Aug 13, 2007 Wills, musicians, and intellectual property
Image from Library of Congress’s website.
On the first day of property law class, the professor asked how many students had not read their apartment leases. At least one fourth raised their hands. Similarly, how many of you — lawyers and non-lawyers — have wills?
The topic of wills still strikes me as dry. However, a trial lawyer colleague once told me he likes doing such work, because it helps people with a basic legal need. Wills at once serve the needs of the hyper-capitalists and those of more modest means. In that regard, one day I asked a self-professed communist lawyer — a very likable person when I get beyond his politics — how he jibed his communism with his wills practice. He replied that he limits such work to helping people of more modest means. Next time I see him, I may ask if wills have a place in a utopian workers’ paradise. I suppose he will respond that once such a dream is achieved, who needs wills?
Well-known writer Neil Garman is on a mission for creative people to have wills. He includes a sample will on his blog. While it is important to consult a lawyer for such work, perhaps more people will have wills than not have them when a sample is freely available to them; I give no opinion on the sample, not having read it closely, and not being a wills lawyer, myself.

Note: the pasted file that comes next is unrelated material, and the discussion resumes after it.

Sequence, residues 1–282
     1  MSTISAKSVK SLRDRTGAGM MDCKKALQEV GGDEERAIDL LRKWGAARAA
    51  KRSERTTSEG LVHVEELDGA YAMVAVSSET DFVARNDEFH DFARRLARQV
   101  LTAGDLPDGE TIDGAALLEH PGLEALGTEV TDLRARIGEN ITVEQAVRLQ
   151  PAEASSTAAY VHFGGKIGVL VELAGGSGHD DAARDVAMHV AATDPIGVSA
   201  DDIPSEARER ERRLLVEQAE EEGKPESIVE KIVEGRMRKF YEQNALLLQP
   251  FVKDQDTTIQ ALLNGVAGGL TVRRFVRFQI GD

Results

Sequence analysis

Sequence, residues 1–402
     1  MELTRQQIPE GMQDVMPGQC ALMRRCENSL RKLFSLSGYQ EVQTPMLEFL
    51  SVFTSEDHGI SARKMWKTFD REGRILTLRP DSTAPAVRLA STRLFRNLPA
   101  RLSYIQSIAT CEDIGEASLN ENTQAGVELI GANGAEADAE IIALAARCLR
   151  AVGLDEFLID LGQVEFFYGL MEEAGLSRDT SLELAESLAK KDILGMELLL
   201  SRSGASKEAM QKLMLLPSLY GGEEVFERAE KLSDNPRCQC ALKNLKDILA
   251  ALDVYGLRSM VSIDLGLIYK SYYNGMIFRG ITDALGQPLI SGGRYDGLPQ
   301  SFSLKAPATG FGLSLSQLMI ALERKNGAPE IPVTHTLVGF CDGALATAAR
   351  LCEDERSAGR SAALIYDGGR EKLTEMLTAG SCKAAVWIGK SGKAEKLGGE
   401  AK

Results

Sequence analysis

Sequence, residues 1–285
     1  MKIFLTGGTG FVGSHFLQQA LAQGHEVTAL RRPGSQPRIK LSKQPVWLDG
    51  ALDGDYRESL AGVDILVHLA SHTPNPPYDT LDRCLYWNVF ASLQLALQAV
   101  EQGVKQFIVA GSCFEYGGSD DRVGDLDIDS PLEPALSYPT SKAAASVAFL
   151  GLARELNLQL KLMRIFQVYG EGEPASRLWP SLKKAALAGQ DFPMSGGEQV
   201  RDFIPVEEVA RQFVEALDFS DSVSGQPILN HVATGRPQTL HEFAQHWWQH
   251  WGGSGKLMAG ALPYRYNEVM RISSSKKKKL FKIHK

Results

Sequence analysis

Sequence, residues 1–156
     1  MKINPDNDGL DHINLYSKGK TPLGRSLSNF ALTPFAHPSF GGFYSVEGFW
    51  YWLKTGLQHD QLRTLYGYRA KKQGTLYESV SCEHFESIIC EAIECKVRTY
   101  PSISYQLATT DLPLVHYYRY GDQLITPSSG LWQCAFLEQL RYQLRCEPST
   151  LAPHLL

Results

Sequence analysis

Mr. Garman knows of too many instances where creative people do not protect their intellectual property with wills, and he is spreading the gossip of wills to solve the problem. If Joseph Kosuth, Leslie Marmon Silko, R. Crumb, and Ben Katchor came to a wills lawyer for assistance, then a dry-sounding law practice would become fascinating in terms of the clients involved. Of course, when a lawyer knows his or her services are very meaningful and helpful to clients and society, that can transform otherwise dry-seeming work to rewarding work; the same goes for any work in any field. Jon Katz.